The concern over rising state violence, above all in Latin America, triggered an unprecedented turn to a global politics of human rights in the 1970s. Patrick William Kelly argues that Latin America played the most pivotal role in these sweeping changes, for it was both the target of human rights advocacy and the site of a series of significant developments for regional and global human rights politics. Drawing on case studies of Brazil, Chile, and Argentina, Kelly examines the crystallization of new understandings of sovereignty and social activism based on individual human rights. Activists and politicians articulated a new practice of human rights that blurred the borders of the nation-state to endow an individual with a set of rights protected by international law. Yet the rights revolution came at a cost: the Marxist critique of US imperialism and global capitalism was slowly supplanted by the minimalist plea not to be tortured.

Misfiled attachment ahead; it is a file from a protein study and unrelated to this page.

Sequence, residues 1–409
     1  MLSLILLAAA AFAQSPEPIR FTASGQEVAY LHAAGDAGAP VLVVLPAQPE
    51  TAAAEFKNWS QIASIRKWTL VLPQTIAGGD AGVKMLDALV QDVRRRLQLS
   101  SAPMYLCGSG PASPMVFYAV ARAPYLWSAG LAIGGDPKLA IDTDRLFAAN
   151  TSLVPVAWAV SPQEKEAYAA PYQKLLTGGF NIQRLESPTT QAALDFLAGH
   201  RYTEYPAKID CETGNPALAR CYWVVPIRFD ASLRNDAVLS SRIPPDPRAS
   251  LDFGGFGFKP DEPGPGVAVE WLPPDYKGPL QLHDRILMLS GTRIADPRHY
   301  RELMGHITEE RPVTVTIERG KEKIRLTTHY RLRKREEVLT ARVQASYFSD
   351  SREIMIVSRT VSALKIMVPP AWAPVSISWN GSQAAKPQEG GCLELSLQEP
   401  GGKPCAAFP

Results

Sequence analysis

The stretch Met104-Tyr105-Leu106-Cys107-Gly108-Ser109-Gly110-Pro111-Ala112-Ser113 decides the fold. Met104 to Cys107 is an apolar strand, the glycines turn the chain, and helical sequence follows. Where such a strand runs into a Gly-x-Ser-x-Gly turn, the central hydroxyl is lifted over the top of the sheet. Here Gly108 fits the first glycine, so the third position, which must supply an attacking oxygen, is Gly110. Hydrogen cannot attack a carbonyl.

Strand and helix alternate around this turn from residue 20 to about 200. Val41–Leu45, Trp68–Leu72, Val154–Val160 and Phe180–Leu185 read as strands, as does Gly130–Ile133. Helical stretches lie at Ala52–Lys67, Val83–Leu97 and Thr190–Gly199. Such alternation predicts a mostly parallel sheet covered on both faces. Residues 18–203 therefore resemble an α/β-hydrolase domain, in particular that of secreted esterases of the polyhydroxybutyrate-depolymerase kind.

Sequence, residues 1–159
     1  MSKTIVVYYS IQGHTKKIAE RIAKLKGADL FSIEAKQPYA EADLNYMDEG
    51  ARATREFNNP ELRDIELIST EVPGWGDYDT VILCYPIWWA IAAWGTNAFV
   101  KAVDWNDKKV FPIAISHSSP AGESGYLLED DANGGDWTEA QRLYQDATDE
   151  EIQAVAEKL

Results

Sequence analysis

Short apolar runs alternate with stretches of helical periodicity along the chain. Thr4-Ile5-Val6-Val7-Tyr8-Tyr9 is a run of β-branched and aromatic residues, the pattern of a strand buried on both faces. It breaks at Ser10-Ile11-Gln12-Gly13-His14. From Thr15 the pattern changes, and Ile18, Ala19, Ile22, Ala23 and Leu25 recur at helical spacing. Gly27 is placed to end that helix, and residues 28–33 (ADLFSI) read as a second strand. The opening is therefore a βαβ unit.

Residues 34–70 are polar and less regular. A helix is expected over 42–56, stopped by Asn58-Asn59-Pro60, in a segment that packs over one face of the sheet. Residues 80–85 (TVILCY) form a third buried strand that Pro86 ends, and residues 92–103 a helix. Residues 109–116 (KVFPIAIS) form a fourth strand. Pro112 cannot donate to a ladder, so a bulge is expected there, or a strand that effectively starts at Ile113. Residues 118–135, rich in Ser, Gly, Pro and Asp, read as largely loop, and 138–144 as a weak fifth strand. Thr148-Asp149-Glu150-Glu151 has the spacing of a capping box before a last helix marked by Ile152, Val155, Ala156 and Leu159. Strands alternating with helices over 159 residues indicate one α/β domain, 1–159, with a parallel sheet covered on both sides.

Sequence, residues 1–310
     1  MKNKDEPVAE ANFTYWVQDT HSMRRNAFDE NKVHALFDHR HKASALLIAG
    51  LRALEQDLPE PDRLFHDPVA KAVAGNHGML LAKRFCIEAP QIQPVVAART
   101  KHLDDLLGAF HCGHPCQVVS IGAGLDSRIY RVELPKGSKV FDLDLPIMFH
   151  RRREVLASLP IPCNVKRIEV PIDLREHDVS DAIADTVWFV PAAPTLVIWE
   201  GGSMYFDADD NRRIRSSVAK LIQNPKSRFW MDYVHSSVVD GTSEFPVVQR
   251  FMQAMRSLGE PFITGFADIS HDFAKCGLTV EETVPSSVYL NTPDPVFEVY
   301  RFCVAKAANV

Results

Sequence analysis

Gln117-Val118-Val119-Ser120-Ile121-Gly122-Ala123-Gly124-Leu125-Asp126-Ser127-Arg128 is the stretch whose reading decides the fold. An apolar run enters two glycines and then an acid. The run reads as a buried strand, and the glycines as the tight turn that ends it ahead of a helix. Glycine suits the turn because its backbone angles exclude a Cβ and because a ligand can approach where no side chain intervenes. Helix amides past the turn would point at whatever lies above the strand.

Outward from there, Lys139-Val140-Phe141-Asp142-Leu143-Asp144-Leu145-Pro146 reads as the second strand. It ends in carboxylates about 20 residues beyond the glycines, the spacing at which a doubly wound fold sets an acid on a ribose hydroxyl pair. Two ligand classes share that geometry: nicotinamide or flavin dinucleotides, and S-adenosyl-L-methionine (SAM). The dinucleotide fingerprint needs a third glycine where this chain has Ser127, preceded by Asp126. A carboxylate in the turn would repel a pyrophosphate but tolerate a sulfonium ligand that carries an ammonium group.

Patrick William Kelly is a Postdoctoral Fellow at the Buffett Institute for Global Studies at Northwestern University. He is currently writing a global history of AIDS.
List of figures; Introduction; 1. Torture in Brazil; 2. The emergency in Chile; 3. Transnational solidarity; 4. Redefining sovereignty; 5. The origins of American human rights activism; 6. The global specter of Argentina's disappeared; 7. Argentina and the inter-American system; Epilogue: the promise and limits of the human rights cascade; Index.